The nation's first voucher program and its first charter schools began at about the same time. In 1990, Wisconsin enacted the first voucher program, in Milwaukee. A year later, Minnesota voted the nation's first charter school law. Many legislatures approved charter schools because they seemed less radical and aroused less opposition than vouchers, said Clint Bolick, president of the Alliance for School Choice, a Phoenix-based group.
"Charters are glasnost and vouchers are perestroika," Mr. Bolick said, referring to Mikhail Gorbachev's twin reform policies in the Soviet Union, the former a halfway measure of openness, the latter a more radical restructuring. "The educational establishment has been willing to allow charters in some states just to forestall vouchers."
As an example, he cited Arizona, where in 1995 lawmakers came within a few votes of enacting a broad voucher program. Instead, the Legislature passed a law that has made it easier to create charter schools there than anywhere else in the nation. Arizona now has 500 charter schools, but no voucher program. This year, the Legislature enacted a tuition tax credit, but Gov. Janet Napolitano, a Democrat, vetoed it.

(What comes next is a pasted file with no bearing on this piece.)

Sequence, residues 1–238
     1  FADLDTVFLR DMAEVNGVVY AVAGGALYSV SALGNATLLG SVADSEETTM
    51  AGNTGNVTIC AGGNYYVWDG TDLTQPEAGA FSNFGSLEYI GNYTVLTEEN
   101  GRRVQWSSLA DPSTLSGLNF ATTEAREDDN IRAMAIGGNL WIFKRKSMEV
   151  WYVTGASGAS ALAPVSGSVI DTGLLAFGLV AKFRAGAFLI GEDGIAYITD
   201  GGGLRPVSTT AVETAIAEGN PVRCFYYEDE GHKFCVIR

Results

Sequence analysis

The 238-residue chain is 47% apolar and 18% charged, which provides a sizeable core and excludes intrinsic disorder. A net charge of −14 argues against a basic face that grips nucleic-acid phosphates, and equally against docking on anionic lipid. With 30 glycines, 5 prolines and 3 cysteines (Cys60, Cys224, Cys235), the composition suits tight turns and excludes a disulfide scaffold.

Voters got a chance to give their opinions on voucher programs in 2000, when proponents succeeded in getting initiatives on the ballot in California and Michigan. That year vouchers programs got much positive publicity when George W. Bush spoke in favor of them during his presidential campaign. But voters overwhelmingly rejected the two state proposals that November.
Ohio launched its pilot voucher program in Cleveland in 1996, offering taxpayer-financed "scholarships" to about 2,000 students. By this past school year, the program had grown to about 5,600 students attending 44 private schools.
Also over the past decade, more than 200 charter schools have been started in Ohio. Mr. Brennan, the businessman who opened and then closed the two voucher schools in Cleveland, today runs 34 profit-making charter schools across Ohio.
The Cleveland voucher program has become quite popular, especially with black parents like Andrea Holland. Black children make up about half of the city's voucher school students.
Ms. Holland, who runs an electrical contracting business with her husband, enrolled their son Jonathan, 13, at St. Agatha-St. Aloysius parochial school two years ago, transferring him from a public elementary school where he had faced bullying, she said.
"I'm not otherwise able, like rich folks, to take my kid out and put him into a private school," Ms. Holland said. "But with this program I can afford to."